As Madison Schools Attempt To Limit Social Media Use, Students Push Back

Restrictions Intended To Improve Academic Performance And Reduce Behavior Issues
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An effort to limit student use of social media in Madison public schools is turning out to be an interesting social experiment, and not entirely in the ways that school officials intended.

Four Madison Metropolitan School District campuses launched a pilot program in early May intended to halt student use of social media during the school day. Madison East and West high schools blocked access to more than 30 popular social media apps via school Wi-Fi, while Cherokee Heights and James Wright middle schools turned off open Wi-Fi access to students entirely. Administrators hope to study whether the restriction improves students' academic performance, behavior, and engagement with their classes and fellow students.

Madison East High School Principal Mike Hernandez said heavy phone use contributed to academic and behavior problems, and described some students as having a "zombie walk" when using social media on their phones. Social media can provide a conduit for and intensify bullying at school and, according to Hernandez, plenty of students understand the need to cut down on distractions.

Nonetheless, there's also evidence that social media and online games can create opportunities for children and adults to bond and engage. Technology can also foster students' initiative and critical thinking skills.

Some students in Madison took exception to the "zombie" label, and with the assumption that heavy phone and social-media use — hardly the exclusive province of youngsters — makes one disengaged. In an op-ed published by the Simpson Street Free Press, a nonprofit student journalism project in Madison, Madison West High student Chris Cruz proudly described how students subverted the ban by simply using virtual private networks, or VPNs, on the school’s wi-fi.

"By lunch, everyone else had also figured it out," he wrote.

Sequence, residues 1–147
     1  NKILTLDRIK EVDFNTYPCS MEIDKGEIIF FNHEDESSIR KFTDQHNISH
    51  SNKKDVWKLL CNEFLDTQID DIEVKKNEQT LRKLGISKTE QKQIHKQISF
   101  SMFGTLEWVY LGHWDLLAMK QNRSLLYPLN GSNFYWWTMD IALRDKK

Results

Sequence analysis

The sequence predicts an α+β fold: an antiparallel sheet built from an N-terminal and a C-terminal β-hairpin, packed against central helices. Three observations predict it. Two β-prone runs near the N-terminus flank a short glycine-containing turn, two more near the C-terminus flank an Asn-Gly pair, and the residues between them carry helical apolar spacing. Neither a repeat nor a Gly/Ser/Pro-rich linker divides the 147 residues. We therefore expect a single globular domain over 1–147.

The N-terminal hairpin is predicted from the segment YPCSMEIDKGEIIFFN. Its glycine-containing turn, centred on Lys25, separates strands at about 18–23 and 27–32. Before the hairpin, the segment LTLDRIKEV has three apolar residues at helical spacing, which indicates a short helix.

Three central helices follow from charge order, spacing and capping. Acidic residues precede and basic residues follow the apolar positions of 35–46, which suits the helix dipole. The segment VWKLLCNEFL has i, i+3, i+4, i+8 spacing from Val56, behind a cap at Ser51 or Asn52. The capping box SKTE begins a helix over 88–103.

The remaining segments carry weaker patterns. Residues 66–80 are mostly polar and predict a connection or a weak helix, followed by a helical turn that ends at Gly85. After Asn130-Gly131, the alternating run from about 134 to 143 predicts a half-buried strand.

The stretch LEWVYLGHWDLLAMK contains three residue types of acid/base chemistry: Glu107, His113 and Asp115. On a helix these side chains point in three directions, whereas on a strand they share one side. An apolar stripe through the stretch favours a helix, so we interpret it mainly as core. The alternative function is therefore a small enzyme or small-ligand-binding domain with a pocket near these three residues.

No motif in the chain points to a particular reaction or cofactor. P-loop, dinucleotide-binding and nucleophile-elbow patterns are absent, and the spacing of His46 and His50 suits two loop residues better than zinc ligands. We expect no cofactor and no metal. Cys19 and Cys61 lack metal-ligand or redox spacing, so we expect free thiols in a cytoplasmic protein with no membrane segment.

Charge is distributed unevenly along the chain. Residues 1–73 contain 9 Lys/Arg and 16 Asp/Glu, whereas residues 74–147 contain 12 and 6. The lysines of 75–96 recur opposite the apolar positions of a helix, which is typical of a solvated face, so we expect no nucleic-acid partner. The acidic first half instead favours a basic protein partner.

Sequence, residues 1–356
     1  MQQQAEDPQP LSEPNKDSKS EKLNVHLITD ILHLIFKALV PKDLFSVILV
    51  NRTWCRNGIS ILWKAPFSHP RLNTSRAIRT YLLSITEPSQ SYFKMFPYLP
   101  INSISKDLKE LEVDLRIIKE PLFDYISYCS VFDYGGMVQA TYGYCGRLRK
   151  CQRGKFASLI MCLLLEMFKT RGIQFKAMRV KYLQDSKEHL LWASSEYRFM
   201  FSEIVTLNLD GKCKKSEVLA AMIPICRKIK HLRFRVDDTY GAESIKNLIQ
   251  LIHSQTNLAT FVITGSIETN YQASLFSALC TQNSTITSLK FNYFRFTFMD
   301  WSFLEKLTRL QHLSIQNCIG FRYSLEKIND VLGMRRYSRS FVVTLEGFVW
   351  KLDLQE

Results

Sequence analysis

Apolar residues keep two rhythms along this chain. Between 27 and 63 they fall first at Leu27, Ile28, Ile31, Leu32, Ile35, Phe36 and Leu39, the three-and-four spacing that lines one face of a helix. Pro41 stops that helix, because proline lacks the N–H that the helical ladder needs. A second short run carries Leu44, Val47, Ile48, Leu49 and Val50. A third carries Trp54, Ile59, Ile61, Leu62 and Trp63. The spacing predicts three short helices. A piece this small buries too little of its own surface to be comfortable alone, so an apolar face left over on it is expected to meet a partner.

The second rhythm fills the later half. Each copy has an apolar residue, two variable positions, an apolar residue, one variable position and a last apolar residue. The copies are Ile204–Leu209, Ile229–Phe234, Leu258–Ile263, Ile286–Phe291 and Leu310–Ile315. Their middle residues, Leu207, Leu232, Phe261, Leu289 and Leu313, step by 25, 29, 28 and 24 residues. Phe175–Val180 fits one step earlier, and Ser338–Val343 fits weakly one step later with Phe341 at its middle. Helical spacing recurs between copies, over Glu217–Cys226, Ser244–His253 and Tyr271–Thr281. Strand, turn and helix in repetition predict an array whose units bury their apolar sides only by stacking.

Cruz also gently taunted Hernandez about that "zombie walk" remark.

"I guess if you think about it, we do kind of look like zombies, walking around with our faces in our phones," he wrote. "But we weren't sleeping on Monday."

VPNs are becoming better-known and more widely used as people become more and more concerned about digital security. A VPN essentially allows a user to encrypt one's activity within a public or corporate internet connection. As the Electronic Frontier Foundation explains, VPNs have limitations. They can prevent internet service providers from monitoring a customer's internet use, but unscrupulous VPNs can still gather that data and sell it to other businesses. Moreover, depending on their privacy policies and the nation they're based in, VPNs may be required to provide this information to law enforcement officials.

In a May 12, 2017 interview with Wisconsin Public Television's Here And Now, Hernandez admitted that some students outsmarted the Madison schools’ program, at least temporarily. He also noted students could easily just use their mobile providers' data plans instead of school Wi-Fi, but said the district will forge ahead.

"It's almost a game of chess," Hernandez said. "At the end of the day there's some energy being spent on this. For the majority of the students, right now we have them a little bit more engaged in school," he added.

The pilot program was launched at Madison West High School on May 1, making for two weeks of classes to assess at the time of the interview.

"We've seen a marked change in both class as well as the hallways," Hernandez said. He acknowledged, though, that beyond looking at changes in grades, the effects of the effort might be tricky to quantify.

"The behavior component is a little easier. The engagement component ... it's really going to be more conversational," he said. "My hope is, my theory is, as they are now more engaged in class, GPAs, credit, engagement will go up."

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